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A Walk in the Park Can Improve Reading Comprehension

By and — Nature Deficit Disorder Special Edition Contributor
Updated on Oct 25, 2010

Can an excursion around a pond, a stroll through a park, or a hike through the forest improve your child’s reading? You might be surprised! We have no doubt that reading, usually an indoor activity, can inspire children to spend time in nature. If you read outdoor adventure books aloud to your children, such as Gary Paulsen’s Hatchet, Brian’s Winter, The River, or Brian’s Hunt or Jean Craighead George’s My Side of the Mountain, they may just want to try out their own survival skills in nature for a day or even spend a weekend camping out in the woods.

How Can Getting Kids Outdoors Improve Reading?

Reading is more than sounding out words or memorizing the author’s message. Reading is an interactive process between the child’s experiences and background knowledge and the author’s meaning as expressed by the printed words on the page. To have a deep understanding of the text, the reader and the author must have a shared general conceptual knowledge of the text’s ideas. There may also be shared personal experiences that readers have with authors that give them additional insights into the meaning of the text.

How Do Children Gain General Conceptual Knowledge?

Children learn concrete concepts and abstract concepts through multiple experiences and discussion with someone who is a little more knowledgeable. Concrete concepts include fish, tree, and decay while abstract concepts include evaporation, food webs, and photosynthesis.  

In nature, children learn concrete concepts using their senses to see, hear, touch, smell, and even taste.

  • During a stroll through the park, children may observe a bird building her nest from bits of grass and twigs.
  • They may remark on how a chipmunk and a squirrel are different.
  • Children can also see leaves changing colors.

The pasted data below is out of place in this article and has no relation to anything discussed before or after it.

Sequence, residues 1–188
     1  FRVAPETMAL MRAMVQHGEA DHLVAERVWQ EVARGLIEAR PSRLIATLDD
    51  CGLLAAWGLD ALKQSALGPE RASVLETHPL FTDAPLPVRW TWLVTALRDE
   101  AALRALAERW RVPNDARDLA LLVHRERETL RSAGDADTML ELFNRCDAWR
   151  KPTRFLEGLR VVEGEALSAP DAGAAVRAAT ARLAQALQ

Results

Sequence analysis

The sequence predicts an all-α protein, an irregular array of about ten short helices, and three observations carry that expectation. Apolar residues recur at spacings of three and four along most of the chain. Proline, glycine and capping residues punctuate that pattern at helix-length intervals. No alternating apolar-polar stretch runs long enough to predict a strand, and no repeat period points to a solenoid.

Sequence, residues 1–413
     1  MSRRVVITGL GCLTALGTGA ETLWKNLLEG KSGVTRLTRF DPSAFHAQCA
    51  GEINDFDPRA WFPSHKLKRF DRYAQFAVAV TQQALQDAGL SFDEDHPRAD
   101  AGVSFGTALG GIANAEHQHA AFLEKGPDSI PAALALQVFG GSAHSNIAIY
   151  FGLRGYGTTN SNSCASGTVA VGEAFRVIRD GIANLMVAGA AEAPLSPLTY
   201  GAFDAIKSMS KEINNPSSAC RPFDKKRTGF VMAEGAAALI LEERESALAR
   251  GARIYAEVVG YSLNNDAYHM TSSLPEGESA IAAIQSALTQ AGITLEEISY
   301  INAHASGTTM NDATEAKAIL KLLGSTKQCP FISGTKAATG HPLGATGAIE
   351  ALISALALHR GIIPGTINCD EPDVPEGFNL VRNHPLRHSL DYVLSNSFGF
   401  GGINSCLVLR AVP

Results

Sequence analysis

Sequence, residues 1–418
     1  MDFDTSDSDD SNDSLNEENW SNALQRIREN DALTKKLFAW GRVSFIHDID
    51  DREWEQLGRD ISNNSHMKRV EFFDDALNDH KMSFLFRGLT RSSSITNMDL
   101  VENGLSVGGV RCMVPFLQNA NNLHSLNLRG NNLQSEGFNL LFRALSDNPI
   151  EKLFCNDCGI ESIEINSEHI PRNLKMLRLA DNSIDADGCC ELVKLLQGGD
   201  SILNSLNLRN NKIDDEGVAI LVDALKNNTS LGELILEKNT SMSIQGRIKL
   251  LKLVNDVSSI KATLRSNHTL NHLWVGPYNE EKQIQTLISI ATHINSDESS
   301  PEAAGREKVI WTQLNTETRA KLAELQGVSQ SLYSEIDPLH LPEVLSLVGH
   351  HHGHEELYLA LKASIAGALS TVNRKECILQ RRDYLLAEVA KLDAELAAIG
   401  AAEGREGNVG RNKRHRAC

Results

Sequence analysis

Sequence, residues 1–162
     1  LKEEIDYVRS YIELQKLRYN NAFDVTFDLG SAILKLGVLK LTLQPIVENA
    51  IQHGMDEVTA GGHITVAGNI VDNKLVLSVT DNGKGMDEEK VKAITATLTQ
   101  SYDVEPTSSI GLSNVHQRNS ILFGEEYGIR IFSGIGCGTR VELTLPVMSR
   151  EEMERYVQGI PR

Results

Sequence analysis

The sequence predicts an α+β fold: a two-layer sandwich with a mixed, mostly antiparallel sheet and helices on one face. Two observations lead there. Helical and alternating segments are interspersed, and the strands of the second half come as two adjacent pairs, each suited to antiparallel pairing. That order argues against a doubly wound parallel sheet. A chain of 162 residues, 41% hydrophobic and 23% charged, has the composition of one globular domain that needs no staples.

• Pointing out these features and talking about them will enhance children’s conceptual knowledge.

Abstract concepts are often learned through talking about observable phenomenon.

  • During an excursion around a pond in a gentle rain, children often ask many questions.
  • “Why do raindrops cause rings on water? “Do frogs get cold in the rain?”
  • “Where does the rain come from?” “Where does all the rain go?” 
  • These are hard questions that may lead to more reading to find the answers.
  • Without experience in the natural environment, children are much less likely to explore these types of questions.

Linking Concepts about Nature Leads to Building Bigger Ideas in Science

  • Many popular children's literature selections include science “big ideas,” concepts, and vocabulary.
  • Children who spend time outdoors have a higher likelihood of intuitively learning these ideas, which then can be brought to their reading and listening experiences.
  • For example, a quick examination of six classic children’s picture books illustrates how children’s concepts about nature can enhance the comprehension of these books. Find a list of these classic books at the end of this article.
  • When children come to the text with the listed concepts and big ideas, they will better understand the book and the author’s message.
  • Children’s conceptual knowledge will be enhanced by the information in the text.
  • Comprehension of future experiences in nature and future encounters with these concepts in text will be improved. On the other hand, without the prior conceptual knowledge, comprehension of the book may break down.
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